After hours, you’ll find me hanging with family, running 10ks through Peachtree City’s 90 miles of cart paths, watching football or reading. I’m a New England transplant enjoying life in the South.
In my previous life, I also blogged for ComputerWorld, Enterprise Strategy Group and Hitachi Data Systems, but The Backup Window is my baby. It's been great watching it evolve.
But for the past several years, the focus of most IT organizations across the globe has really been on one thing and one thing only: reducing IT costs. Blame it on the economy, the IT adoption curve or just (bad) habit, but we, as an industry and as consumers of IT, have prioritized short-term cost-savings often at the expense of longer-term business value, and we’ve prioritized instant gratification over strategy and innovation.
And this isn’t good.
However, a recent IDG survey highlights a very different trend taking shape globally ―one that we’ve been talking about here on The Backup Window since last year’s EMC World, or before.
Of the more than 1,500 CIOs and other IT leaders in the U.S. that IDG surveyed for the study, 49% ranked improving IT productivity as their number-one goal for 2013, followed by better, faster, decision-making; improving service levels; protecting corporate data and increasing agility.
Do I hear cloud?
As for lowering costs – the historical front-runner – it ranked eighth in the survey. Yes, it’s still on the list, and so it should be, but it’s no longer the driving factor, or force, behind many of the decisons CIOs are making and the things IT organizations are doing.
This is huge. Why?
Well, as we’ve discussed on The Backup Window as well as on Backup Game Day I and II, companies with IT organizations that see themselves as change agents (or “brokers of value,” as IDG puts it) have a definite business advantage over companies with IT organizations that see themselves only as task-doers. They think and manage IT resources from a business viewpoint; they think smarter, not just faster.
For these CIOs and organizations, “time to” is a measure of IT efficiency (or productivity). It’s the time it takes to spin up a new business application, analyze a complex data set or expand business operations or customer base, and this has real business value. Stephen Manley explains why in this short video – part II of his three-part Accelerating Transformation series.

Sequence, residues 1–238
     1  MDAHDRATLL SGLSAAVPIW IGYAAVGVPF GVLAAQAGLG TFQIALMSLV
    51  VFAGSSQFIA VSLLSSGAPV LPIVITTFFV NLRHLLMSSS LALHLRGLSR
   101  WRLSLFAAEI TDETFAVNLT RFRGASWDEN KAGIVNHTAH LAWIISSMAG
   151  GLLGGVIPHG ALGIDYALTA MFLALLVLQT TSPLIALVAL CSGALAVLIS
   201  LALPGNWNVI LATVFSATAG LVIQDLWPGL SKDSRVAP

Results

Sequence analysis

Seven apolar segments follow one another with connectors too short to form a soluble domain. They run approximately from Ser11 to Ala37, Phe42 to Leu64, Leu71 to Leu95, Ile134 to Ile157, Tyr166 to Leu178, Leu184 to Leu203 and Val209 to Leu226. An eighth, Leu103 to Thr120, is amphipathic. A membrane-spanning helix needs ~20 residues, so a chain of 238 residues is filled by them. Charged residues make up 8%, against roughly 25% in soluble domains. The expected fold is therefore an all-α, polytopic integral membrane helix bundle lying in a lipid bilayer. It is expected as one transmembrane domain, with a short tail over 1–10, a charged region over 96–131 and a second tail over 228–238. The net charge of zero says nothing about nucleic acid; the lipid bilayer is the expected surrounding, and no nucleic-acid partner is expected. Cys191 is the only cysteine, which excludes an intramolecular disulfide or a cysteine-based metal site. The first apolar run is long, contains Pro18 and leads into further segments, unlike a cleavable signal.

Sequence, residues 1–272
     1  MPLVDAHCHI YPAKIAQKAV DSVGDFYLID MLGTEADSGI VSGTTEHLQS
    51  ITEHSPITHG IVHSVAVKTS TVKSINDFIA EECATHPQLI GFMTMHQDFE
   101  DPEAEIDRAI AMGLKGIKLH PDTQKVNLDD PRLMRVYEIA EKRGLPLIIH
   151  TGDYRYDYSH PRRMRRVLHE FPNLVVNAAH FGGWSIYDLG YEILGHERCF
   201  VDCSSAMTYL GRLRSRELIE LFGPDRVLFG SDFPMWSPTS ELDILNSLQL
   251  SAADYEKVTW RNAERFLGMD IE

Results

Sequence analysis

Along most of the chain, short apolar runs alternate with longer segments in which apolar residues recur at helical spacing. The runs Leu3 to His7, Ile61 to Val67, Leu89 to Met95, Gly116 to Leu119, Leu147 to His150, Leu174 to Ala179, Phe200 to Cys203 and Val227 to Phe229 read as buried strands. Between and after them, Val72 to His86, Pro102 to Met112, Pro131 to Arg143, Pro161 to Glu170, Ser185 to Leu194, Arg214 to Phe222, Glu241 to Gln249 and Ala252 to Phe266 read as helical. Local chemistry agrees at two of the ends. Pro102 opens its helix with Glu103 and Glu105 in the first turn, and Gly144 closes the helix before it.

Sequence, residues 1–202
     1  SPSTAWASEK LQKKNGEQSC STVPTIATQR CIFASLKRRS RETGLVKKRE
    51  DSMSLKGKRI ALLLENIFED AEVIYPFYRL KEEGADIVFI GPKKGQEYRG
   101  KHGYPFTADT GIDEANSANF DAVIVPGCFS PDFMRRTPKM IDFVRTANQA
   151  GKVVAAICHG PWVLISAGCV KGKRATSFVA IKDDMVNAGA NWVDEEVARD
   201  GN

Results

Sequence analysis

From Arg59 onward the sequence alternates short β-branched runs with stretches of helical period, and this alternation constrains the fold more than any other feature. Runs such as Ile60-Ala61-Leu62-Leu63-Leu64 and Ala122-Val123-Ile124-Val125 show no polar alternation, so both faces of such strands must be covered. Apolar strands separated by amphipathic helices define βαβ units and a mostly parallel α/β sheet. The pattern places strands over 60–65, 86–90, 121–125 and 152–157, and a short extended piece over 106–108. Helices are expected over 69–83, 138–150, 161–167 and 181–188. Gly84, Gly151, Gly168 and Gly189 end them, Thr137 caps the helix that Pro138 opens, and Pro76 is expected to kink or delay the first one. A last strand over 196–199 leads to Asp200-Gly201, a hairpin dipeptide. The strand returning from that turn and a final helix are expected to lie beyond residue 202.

Check it out and then let us know what you think. How’s your CIO doing?
EMEA Product Marketing, Data Protection and Availability Division
As a product marketing lead based in Guildford, Surrey, I'm often seen presenting to EMC’s partners and end users at various events across Europe. I have over 20 years experience in the storage market, largely gained in the financial and legal sectors, including PaineWebber, part of UBS, and Clifford Chance, the international legal practice, where I was the storage manager for a number of years. But I've also held had product marketing stints at Quantum and previously at EMC. I'm married with two children and live in Guildford, Surrey.
One of the major advantages data duplication brings to going tapeless for backup is the ability to use your existing network links to replicate your backup data to a second site.
This in theory is all very well, but as a backup administrator do you have the visibility and / or management of these links. How can you be sure that all your data has been replicated off site?
During a recent EMC sponsored survey in South Africa we found 44% of the respondents were still using tape to recover from a disaster. However it appears that this is not their ideal method as a staggering 82% of the companies want to completely stop using tape for backup. This is a trend we have seen across Europe in similar surveys EMC have conducted. So although South Africa is not unique by having nearly half the respondent’s still using tape for DR, it is a country which continues to struggle with good network connectivity.
The current trend is to use data deduplication for backup which in turn enables the backup data to pass over existing links for DR. However if these links are unreliable, visibility of these links is imperative, to ensure backup data is in fact replicated off site. For a backup admin a tool such as Data Protection Advisor will help with monitoring a large number of backup jobs to report on status, but perhaps more importantly in this example is that it will also monitor the infrastructure that supports the backup. So any network links that fail will be reported not only to the network team but also the backup admin.
DPA has just undergone a major update to afford customers complete visibility into the backup process. A key part of this update is real-time monitoring and analytics, designed to give better predictability and assurance that mission-critical applications are protected. This includes the monitoring and reporting of the network the backup data flows over. Predictability when all of your data will not fit down your link is a useful tool. DPA will monitor the growth in your backups and analyse the amount of capacity needed to replicate this data, producing a flag, that in a given number of weeks the replication process may not complete. In addition as backup is often a process that happens overnight, understanding any data loss and providing reports detailing such errors would allow the backup admin to have confidence in knowing when backups are not replicated.
This type of information is often not in view to the backup admin, so to achieve a tapeless environment and the trust that you have all of your backup data off site, you not only need a Purpose Built Backup Appliance, but also a set of tools to give you maximum visibility into the complete process.
During Backup Game Day II we discussed this very subject, take 30 minutes to understand how tools from EMC can give you back your evenings and weekends from monitoring your backups and relying on the network team to tell you when there is an issue with capacity or connectivity.